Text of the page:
In answering media questions on the U.N. Arms Trade Treaty (ATT), I have found that hosts frequently state, as a matter of fact, that treaties require a two-thirds Senate majority, and if they don’t get it, they have no legal effect. Like all things, it’s not that simple. Here’s a short primer on when and how treaties can have legal effect.
In order of complexity:
Treaties 101: According to the Constitution, the President “shall have Power, by and with the Advice and Consent of the Senate, to make Treaties, provided two thirds of the Senators present concur.” Today, this normally means 67 votes.
Treaties 201: But treaties fall into two categories: self-executing and non-self-executing. Self-executing treaties have immediate legal effect in the U.S. after Senate ratification. Non-self-executing treaties take legal effect at the international level upon entry into force for the U.S., following Senate consent and ratification. But they have limited domestic legal effect until Congress passes, and the President signs, implementing legislation. Thus, the House of Representatives has an important role to play in our treaty process. Treaties are normally presumed to be non-self-executing unless they are explicitly self-executing. The most significant case on this subject was Medellin v. Texas (2008), won by Texas Solicitor General Ted Cruz.
Treaties 301: But once the President signs a treaty, and even before the Senate considers it, the U.S. holds itself bound to “refrain from acts which would defeat the object and purpose of [the] treaty.” This obligation lasts as long as the treaty is signed but not ratified. The obligation derives in part from the 1969 Vienna Convention on the Law of Treaties. President Nixon signed the treaty in 1970, but it has not been ratified. Thus, the U.S.’s “object and purpose” obligation itself derives partly from an unratified treaty. But more broadly, the U.S. State Department “considers many of the provisions of the Vienna Convention on the Law of Treaties to constitute customary international law,” and therefore the U.S. will generally act in a manner consistent with its terms.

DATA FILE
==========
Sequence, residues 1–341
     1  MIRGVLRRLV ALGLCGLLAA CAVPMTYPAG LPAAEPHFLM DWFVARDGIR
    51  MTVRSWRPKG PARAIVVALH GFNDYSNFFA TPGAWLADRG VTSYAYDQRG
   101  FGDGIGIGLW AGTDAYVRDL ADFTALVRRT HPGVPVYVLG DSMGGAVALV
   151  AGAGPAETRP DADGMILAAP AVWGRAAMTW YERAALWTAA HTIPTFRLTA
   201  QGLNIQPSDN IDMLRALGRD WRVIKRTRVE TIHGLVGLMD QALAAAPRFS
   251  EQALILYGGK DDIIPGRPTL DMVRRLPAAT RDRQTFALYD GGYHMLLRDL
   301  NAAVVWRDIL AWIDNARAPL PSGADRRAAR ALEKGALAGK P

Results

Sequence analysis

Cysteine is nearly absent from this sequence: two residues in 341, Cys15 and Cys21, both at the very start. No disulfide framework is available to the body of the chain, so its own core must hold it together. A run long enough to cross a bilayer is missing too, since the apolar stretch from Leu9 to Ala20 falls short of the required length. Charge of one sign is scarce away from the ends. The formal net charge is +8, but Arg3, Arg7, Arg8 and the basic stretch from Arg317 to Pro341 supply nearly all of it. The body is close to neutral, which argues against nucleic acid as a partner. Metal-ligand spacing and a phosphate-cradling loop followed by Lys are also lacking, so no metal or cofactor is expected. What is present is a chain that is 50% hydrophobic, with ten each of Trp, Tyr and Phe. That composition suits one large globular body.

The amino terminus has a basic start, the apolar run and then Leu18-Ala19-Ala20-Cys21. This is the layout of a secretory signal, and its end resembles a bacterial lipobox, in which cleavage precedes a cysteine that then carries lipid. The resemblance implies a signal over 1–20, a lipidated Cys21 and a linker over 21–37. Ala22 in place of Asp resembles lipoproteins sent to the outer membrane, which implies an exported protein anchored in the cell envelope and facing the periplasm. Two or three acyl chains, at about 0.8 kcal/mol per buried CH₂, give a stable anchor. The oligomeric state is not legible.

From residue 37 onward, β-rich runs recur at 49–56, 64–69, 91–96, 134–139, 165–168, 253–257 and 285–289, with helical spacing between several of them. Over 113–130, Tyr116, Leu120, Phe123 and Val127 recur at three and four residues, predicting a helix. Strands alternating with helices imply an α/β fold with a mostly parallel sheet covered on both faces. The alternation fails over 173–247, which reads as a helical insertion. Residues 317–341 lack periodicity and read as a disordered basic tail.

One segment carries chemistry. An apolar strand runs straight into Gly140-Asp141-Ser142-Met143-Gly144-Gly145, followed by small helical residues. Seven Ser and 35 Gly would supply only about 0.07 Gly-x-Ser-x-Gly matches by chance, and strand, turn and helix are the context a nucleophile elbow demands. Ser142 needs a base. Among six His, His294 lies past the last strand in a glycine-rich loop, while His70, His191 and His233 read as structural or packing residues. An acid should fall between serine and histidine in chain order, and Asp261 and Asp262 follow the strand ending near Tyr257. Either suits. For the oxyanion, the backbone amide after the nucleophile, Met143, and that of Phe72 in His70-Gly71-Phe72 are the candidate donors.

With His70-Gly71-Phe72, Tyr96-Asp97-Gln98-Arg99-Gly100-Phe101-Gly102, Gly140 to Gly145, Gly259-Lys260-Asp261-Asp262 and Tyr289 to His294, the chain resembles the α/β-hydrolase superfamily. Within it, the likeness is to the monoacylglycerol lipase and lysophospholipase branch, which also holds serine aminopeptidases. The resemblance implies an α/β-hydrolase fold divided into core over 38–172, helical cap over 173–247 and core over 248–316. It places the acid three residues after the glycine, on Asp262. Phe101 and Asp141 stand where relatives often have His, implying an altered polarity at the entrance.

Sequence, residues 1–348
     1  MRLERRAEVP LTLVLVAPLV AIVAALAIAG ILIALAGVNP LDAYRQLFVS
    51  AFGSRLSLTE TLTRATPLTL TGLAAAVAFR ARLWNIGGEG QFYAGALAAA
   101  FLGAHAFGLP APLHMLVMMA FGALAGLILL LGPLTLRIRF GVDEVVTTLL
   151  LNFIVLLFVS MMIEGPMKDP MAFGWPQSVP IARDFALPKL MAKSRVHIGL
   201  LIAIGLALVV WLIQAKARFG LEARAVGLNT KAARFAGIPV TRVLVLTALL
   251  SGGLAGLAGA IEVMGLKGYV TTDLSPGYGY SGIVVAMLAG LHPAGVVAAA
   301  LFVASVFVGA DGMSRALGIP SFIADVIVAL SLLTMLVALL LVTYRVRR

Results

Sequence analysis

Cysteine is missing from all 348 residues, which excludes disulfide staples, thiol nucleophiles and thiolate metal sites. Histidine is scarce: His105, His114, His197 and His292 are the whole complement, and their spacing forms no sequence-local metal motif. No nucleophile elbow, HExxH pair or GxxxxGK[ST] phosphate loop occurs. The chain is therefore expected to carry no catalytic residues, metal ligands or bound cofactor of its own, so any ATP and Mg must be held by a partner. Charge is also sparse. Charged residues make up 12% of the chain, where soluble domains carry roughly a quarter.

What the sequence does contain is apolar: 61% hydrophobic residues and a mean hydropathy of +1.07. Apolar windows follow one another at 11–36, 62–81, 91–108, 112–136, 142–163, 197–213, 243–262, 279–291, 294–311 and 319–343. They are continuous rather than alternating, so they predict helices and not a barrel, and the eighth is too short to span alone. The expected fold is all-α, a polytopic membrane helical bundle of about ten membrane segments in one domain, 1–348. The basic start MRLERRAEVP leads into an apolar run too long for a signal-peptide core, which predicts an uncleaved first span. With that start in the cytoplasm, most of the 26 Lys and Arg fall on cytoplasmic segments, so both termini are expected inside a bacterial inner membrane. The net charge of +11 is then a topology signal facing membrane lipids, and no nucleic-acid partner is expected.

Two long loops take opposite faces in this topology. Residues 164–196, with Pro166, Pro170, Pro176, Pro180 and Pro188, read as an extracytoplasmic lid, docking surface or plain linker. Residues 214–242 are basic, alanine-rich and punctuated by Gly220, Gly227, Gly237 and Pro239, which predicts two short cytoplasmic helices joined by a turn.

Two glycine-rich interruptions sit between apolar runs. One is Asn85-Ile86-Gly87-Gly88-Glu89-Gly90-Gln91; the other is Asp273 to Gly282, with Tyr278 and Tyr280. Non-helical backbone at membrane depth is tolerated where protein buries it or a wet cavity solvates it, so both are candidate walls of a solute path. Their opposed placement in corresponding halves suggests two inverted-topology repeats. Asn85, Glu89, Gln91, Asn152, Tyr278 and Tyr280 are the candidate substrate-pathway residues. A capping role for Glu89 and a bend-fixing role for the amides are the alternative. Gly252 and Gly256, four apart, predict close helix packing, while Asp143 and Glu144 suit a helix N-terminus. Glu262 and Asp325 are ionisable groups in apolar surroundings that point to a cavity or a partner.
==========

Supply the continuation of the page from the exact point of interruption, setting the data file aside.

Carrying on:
Treaties 401: What are acts that would “defeat the object and purpose” of an unratified treaty? The answer is largely in the eye of the beholder. The 1986 edition of the Restatement of the Law: The Foreign Relations Law of the United States says that “it is often unclear what actions would have such effect.” It goes on to note that, in the case of the second Strategic Arms Limitation Treaty, signed by President Jimmy Carter in 1979, testing a prohibited weapon might violate the “object and purpose” obligation, but failing to dismantle one might not. The “object and purpose” obligation is a back door to something that is in the neighborhood of, but not the same as, Senate ratification without the Senate (or the House) being involved at all.
So, in the context of the ATT, if this conference produces a treaty that is open for signature, President Obama may sign it immediately. The U.S. will then hold itself to be under a legal obligation not to defeat the ATT’s “object and purpose.” The interpretation of this phrase will rest with the State Department’s lawyers, perhaps in a way directed by subsequent legislation, whose decisions cannot be predicted and are not easily subject to legislative oversight.
In short, in the realm of treaties as well as domestic policy, the “administrative state” is growing at the expense of legislative government. It is high time for Congress in general—and the Senate in particular—to take Treaties 301 and 401 out of the course catalog by carefully defining the “object and purpose” requirement.